Factory pattern love

Where I love the factory pattern.

A factory aware of its surroundings

The Factory pattern is one I’ve grown fond of recently and that solves the “problem” of handling user options in a WordPress project (or wherever persisted UI-managed options are involved).
I say “aware of its surroundings” to mean that the factory will take those options into account when building and returning an instance of a requested object; an example of this might be, in the case of the schedule class that’s being built, this factory class:

class WPSchedule_Time_Factory implements WPSchedule_Interface_FactoryInterface {

    public static function make( $hook, array $args = null ) {
        if ( ! is_string( $hook ) ) {
            throw new Exception( 'Hook name must be a string' );
        }

        $timeSlug = get_option( $hook . '_schedule_time', 'now' );
        $timeSlug = is_string( $timeSlug ) ? $timeSlug : 'now';

        $instance = null;

        switch ( $timeSlug ) {
            case '8pm':
                $instance = new WPSchedule_Time_EightPM();
                break;
            case '8am':
                $instance = new WPSchedule_Time_EightAM();
                break;
            case 'now':
                $instance = new WPSchedule_Time_Now();
                break;
            default:
                $instance = new WPSchedule_Time_Now();
                break;
        }

        return $instance;
    }
}

what the class is doing is trying to fetch an option from the database using the get_option function to instantiate and return the proper time object.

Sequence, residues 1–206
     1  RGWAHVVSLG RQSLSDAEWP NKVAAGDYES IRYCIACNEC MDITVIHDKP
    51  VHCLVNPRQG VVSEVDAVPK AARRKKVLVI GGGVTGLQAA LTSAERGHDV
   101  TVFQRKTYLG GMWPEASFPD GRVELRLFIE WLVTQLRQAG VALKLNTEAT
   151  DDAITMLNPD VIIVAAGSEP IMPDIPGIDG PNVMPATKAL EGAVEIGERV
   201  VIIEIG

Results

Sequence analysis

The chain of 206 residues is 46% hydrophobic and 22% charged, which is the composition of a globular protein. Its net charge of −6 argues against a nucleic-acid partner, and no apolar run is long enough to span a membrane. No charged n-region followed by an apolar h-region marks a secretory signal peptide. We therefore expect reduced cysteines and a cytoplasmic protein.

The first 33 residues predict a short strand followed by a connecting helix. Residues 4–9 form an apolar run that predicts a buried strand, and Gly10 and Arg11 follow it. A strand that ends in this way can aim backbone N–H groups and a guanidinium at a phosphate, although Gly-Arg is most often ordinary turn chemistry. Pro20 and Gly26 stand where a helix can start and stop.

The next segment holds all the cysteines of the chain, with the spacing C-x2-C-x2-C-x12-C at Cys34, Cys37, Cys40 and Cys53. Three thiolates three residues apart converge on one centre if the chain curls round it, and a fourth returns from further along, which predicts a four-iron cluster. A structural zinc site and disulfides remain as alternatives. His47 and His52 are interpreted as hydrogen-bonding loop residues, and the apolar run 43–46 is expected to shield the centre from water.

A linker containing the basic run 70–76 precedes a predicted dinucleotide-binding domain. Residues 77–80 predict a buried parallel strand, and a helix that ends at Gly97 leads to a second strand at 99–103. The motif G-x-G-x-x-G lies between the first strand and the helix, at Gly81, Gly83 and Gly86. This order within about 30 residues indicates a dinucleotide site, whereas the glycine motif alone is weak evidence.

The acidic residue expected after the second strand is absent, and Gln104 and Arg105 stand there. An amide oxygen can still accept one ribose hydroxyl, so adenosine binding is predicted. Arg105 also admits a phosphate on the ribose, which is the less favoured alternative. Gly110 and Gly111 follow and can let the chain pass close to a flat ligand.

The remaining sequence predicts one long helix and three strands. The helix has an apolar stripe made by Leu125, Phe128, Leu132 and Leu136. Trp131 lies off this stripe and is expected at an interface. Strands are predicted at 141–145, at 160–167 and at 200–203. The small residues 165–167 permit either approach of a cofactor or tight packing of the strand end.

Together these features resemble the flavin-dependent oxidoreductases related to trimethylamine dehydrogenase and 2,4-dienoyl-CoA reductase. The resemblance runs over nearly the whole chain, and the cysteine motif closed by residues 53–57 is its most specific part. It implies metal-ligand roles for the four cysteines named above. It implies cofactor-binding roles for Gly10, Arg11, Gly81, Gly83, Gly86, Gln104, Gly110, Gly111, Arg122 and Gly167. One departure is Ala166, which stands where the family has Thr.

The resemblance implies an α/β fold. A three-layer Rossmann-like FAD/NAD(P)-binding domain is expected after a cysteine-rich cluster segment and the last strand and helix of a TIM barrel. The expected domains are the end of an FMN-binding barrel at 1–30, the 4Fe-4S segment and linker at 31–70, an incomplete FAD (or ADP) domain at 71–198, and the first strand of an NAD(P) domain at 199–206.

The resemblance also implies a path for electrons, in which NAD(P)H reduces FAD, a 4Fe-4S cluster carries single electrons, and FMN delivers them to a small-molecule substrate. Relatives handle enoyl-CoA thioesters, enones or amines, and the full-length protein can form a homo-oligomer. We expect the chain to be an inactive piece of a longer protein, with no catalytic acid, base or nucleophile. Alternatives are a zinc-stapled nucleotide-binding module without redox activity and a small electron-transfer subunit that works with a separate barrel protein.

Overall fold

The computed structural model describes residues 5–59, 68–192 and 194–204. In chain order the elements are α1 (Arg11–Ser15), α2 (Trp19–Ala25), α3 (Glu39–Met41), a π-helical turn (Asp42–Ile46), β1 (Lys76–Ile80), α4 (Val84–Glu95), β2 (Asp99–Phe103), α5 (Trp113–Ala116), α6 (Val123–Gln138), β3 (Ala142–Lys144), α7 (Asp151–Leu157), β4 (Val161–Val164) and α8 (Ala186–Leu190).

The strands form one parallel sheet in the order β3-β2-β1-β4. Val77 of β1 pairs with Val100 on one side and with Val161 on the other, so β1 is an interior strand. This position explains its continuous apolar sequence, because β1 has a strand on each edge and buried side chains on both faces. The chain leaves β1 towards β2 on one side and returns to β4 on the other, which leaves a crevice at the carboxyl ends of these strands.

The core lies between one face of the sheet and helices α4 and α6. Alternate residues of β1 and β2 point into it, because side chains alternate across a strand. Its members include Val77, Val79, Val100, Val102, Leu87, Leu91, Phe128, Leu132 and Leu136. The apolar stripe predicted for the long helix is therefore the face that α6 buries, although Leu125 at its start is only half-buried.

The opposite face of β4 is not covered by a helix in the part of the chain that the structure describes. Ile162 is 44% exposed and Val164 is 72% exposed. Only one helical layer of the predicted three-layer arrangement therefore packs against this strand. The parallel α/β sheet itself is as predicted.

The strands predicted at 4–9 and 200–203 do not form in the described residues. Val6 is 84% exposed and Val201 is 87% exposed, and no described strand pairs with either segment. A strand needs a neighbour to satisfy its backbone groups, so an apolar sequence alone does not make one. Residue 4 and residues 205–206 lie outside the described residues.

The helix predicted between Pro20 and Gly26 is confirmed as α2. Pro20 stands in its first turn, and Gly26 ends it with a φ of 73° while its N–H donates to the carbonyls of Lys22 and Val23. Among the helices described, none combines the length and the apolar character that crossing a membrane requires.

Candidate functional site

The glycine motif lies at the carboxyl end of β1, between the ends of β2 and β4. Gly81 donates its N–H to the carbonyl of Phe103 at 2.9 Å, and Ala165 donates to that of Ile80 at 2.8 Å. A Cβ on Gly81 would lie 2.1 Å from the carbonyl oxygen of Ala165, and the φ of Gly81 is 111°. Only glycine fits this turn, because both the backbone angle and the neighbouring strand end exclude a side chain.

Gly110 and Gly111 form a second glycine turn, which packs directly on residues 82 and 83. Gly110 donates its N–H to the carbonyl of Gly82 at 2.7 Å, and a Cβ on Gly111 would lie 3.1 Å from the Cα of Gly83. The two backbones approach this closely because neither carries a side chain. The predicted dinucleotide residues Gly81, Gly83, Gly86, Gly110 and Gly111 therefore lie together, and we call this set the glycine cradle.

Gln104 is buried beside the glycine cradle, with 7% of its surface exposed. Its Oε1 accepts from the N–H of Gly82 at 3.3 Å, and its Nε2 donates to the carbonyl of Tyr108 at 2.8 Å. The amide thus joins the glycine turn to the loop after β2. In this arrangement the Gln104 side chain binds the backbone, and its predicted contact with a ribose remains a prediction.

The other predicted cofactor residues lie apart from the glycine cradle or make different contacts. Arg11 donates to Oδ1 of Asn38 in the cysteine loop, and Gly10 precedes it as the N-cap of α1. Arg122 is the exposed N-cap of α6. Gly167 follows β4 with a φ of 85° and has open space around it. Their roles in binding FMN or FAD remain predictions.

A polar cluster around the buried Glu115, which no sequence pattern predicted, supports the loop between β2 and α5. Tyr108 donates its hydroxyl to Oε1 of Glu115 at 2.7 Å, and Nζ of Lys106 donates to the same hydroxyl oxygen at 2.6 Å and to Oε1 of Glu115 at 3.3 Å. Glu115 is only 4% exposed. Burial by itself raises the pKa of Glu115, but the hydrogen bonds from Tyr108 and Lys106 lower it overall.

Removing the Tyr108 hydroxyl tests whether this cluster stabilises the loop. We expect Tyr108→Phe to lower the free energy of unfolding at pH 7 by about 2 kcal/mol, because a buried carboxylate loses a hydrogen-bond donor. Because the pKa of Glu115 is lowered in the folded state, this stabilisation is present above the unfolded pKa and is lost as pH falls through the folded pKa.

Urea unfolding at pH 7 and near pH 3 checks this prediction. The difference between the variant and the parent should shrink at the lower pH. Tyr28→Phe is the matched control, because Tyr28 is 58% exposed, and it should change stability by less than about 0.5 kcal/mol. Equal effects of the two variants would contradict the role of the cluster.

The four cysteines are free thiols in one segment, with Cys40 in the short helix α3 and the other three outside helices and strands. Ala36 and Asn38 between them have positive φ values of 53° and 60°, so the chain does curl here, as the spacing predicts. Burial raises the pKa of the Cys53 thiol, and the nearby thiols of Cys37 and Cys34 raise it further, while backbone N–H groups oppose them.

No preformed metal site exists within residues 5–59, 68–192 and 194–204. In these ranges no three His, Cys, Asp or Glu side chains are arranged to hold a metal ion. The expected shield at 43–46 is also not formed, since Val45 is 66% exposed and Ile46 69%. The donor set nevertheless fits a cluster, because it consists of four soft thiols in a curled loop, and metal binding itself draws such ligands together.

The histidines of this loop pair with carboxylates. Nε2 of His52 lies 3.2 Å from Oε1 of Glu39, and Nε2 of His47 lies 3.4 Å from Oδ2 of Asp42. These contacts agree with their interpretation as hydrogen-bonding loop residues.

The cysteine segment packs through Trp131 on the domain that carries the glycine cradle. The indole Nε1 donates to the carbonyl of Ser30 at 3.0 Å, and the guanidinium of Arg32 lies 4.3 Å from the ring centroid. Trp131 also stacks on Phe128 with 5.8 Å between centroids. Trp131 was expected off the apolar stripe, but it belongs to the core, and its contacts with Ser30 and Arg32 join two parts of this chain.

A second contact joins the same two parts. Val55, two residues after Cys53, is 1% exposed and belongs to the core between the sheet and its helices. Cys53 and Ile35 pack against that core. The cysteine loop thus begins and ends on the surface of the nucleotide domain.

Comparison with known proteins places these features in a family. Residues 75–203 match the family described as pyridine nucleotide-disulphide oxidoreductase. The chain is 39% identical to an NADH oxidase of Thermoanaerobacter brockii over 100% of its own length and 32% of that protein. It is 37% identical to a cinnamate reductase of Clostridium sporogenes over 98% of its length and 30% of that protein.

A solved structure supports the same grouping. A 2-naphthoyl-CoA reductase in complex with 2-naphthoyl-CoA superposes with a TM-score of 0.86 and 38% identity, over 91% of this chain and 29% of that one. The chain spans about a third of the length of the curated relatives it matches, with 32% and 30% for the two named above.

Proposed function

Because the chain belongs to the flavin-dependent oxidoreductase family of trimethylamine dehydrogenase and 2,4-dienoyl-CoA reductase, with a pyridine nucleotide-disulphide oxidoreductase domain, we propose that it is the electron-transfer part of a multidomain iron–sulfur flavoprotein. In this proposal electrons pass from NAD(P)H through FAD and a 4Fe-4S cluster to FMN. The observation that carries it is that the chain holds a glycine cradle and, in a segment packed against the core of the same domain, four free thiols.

The idea behind the class is to have a UI control that will save an option like

set_option('my_hook_schedule_time', '8am');

to asynchronously fetch the option later using

$time = WPSchedule_Time_TimeFactory::make('my_hook');

The interval factory

Not a revolution in terms of code a similar factory is built for the interval

class WPSchedule_Interval_Factory implements WPSchedule_Interface_FactoryInterface {

    public static function make( $hook, array $args = null ) {
        if ( ! is_string( $hook ) ) {
            throw new Exception( 'Hook name must be a string' );
        }

        $intervalSlug = get_option( $hook . '_schedule_interval', '1m' );
        $intervalSlug = is_string( $intervalSlug ) ? $intervalSlug : '1m';

        $instance = null;

        switch ( $intervalSlug ) {
            case '12h':
                $instance = new WPSchedule_Interval_TwelveHours();
                break;
            case '1h':
                $instance = new WPSchedule_Interval_OneHour();
                break;
            case '1m':
                $instance = new WPSchedule_Interval_OneMinute();
                break;
            default:
                $instance = new WPSchedule_Interval_OneMinute();
                break;
        }

        return $instance;
    }
}

And once again the use flow would be to have a UI control setting an option somewhere

set_option('my_hook_schedule_interval', '12h');

to fetch it later using the factory make method

$interval = WPSchedule_Interval_Factory::make('my_hook');

Next

I’m taking a very slow approach to testing and breaking my own rules, for the sake of clarity here, by writing code before tests for the two factory classes above: I will test them using function-mocker next to cover the edge cases, decide when to stop testing them and instead refactor the classes.
The code ending this post is on GitHub tagged 0.1.5.

I appreciate your input